The prospect of a downgrade of the U.S.'s triple-A credit rating, which it has held for nearly a century, has the financial markets worried. This as a result of Republicans and Democrats moving even further apart as they push separate plans for reducing the nation's deficit and raising its borrowing limit.
President Barack Obama warned in a televised prime-time speech that with no clear resolution in sight in Congress, the U.S. government is on the brink of a default that could deeply damage the economy.
"For the first time in history, our country's triple-A credit rating would be downgraded, leaving investors around the world to wonder whether the United States is still a good bet," he said.
House Republican Speaker John Boehner responded to the speech by reasserting his plan to avoid default, saying the president's approach was essentially a "we spend more, you pay more" philosophy.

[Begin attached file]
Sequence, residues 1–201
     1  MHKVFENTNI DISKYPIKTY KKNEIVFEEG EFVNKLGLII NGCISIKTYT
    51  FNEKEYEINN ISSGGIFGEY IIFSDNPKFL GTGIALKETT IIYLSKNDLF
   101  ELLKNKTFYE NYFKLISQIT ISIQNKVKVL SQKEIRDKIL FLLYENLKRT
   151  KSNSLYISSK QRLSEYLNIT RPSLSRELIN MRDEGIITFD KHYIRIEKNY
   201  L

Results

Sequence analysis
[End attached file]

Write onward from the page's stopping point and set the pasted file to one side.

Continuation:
Mr. Boehner and Senate Majority Leader Harry Reid earlier on Monday launched competing sales pitches for their separate plans, with the Aug. 2 deadline for a potential U.S. default on its debts little more than a week away.
Rep. Boehner (R., Ohio) briefed Republican lawmakers on his two-phase plan to trim as much as $3 trillion from the U.S. deficit and lift the debt ceiling.
Sen. Reid (D., Nev.) unveiled his separate plan for $2.7 trillion in spending cuts over 10 years, a plan that would include a debt-ceiling increase sufficient to carry the government through the end of 2012 and no increase in tax revenue.